How Does Fitzgerald Write and Convey Ideas in Chapter 3 of the Great Gatsby?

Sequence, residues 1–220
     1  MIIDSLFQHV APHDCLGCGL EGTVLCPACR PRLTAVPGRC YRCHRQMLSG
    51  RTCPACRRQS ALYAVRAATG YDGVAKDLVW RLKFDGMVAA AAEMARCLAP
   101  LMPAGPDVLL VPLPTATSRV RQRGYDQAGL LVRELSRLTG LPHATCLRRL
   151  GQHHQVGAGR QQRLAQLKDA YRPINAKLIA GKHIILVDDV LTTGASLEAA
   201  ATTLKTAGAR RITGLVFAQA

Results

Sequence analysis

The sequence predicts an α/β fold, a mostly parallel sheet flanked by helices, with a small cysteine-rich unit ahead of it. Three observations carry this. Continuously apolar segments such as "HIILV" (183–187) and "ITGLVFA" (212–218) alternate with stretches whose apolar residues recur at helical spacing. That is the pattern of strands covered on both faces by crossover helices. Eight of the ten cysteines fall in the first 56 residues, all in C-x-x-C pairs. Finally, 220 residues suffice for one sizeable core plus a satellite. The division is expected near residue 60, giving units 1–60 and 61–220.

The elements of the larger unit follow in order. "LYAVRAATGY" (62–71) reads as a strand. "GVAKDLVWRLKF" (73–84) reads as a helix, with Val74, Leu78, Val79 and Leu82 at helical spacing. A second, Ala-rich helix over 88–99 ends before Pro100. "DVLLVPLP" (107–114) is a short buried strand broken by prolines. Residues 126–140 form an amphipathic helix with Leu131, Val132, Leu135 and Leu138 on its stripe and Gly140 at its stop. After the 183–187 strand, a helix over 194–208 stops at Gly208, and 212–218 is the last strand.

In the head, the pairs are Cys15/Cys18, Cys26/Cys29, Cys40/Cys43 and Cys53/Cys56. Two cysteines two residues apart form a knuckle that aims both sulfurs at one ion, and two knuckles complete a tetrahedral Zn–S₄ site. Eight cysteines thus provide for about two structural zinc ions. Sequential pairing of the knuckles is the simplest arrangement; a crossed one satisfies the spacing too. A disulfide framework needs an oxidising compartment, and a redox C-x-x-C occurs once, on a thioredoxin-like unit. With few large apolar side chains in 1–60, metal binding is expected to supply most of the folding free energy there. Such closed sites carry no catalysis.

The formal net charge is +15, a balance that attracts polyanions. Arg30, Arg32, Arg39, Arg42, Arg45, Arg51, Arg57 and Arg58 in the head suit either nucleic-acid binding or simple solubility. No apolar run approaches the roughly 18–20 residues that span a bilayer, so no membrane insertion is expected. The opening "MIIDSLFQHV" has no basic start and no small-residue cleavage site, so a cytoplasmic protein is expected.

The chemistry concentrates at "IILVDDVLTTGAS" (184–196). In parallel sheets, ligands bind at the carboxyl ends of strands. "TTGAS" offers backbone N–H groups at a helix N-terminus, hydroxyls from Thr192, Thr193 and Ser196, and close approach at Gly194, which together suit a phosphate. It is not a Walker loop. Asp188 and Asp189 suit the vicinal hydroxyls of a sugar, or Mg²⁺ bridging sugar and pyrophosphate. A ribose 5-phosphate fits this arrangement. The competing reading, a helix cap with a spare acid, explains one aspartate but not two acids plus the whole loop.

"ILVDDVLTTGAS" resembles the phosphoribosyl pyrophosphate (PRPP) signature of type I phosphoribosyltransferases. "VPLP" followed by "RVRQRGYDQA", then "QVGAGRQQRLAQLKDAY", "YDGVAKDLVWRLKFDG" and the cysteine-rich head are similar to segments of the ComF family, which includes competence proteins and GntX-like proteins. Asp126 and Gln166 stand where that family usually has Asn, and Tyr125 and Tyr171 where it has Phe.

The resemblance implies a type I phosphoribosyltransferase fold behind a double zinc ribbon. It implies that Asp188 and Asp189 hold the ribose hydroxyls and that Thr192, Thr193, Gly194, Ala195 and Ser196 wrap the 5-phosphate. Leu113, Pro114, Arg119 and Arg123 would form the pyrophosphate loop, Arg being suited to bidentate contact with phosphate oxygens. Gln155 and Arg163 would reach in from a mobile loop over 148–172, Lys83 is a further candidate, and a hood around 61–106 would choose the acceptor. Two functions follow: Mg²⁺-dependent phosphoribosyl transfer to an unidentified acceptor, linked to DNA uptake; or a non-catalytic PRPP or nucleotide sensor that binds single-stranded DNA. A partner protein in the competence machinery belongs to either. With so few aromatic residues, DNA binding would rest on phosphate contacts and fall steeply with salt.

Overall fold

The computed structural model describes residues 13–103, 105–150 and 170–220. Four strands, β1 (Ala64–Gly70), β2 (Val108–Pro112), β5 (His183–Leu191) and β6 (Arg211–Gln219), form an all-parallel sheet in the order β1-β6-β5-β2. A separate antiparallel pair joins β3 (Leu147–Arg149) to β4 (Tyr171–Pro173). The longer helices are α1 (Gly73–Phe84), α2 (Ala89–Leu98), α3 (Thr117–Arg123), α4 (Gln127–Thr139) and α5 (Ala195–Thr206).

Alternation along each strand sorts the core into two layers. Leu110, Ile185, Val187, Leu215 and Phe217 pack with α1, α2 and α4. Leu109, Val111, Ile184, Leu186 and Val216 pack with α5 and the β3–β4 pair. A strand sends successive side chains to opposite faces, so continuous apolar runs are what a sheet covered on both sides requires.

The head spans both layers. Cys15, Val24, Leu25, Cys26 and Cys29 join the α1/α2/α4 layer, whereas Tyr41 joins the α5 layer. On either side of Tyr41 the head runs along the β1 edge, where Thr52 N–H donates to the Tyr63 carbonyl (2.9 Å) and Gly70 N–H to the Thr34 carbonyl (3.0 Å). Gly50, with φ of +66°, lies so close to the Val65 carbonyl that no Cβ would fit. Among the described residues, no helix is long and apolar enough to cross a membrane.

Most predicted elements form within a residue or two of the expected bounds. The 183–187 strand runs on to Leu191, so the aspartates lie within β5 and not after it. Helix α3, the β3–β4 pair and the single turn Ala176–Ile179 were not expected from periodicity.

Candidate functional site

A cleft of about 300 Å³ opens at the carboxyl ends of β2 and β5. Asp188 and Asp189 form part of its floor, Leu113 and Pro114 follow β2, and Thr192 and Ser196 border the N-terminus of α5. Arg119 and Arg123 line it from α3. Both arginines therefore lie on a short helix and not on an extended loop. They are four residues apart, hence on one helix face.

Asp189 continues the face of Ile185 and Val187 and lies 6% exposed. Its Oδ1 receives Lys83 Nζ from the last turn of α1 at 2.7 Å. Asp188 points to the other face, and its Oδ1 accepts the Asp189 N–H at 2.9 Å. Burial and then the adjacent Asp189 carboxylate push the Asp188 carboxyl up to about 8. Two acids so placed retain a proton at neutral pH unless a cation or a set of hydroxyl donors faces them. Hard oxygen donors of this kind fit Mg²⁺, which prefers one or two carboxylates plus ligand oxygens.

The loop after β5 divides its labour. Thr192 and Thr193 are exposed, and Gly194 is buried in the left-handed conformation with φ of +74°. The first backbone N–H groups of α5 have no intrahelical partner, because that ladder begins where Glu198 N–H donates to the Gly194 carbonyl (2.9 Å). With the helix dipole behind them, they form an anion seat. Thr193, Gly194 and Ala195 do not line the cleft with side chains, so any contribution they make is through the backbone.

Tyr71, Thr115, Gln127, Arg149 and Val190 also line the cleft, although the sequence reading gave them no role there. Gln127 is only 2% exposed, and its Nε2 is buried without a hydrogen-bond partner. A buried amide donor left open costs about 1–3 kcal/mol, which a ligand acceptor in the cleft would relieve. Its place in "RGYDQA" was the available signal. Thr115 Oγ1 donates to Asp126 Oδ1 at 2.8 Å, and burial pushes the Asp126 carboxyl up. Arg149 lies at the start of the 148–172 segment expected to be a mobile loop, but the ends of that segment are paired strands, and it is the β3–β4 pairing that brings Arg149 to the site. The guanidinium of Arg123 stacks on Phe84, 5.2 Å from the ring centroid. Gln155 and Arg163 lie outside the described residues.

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English Literature: How does Fitzgerald write and convey events in chapter 3? Fitzgerald in Chapter 3 uses a range of ways in order to convey things such as themes, atmosphere, assumptions of characters and the characters themselves. The main ways Fitzgerald does this is using nick the narrator to describe things or to engage in conversation and gossip about said characters. This essay will see what things are conveyed and how throughout the party in chapter 3. From early on in the chapter, nick gives us an accurate description of the atmosphere and outline of the party as well as a theme of light surrounding it. Nick describes “In his blue gardens man and girls came and went like moths among the whisperings and the champagne and the stars” on page 41. By describing the people as “moths” he is using the theme of light as the moths or people are attracted to the ‘light’ of the party or to the new money represented by Gatsby. Also By saying they “came and went” he is showing how there is no foundation in new money but instead just attraction at first sight. This overall gives us an insight into the party and its meaning in chapter 3. Later on the reader finds out more about the mysterious character of Gatsby by the gossip surrounding him. A girl talking to nick during the party says “You look at him sometimes when he thinks nobody’s looking at him. I’ll bet he killed a man”. By saying he “killed a man” the woman adds curiosity around Gatsby as he has let little slip about him, therefore increasing how mysterious and extravagant his life could be behind closed doors. This links to the theme of artificiality as because there is no information about him it has to be made up to fill the gaps. This overall gives us an insight into a characteristic of Gatsby as being a recluse even at his own part and full of mystery. Later in the party, we also learn things
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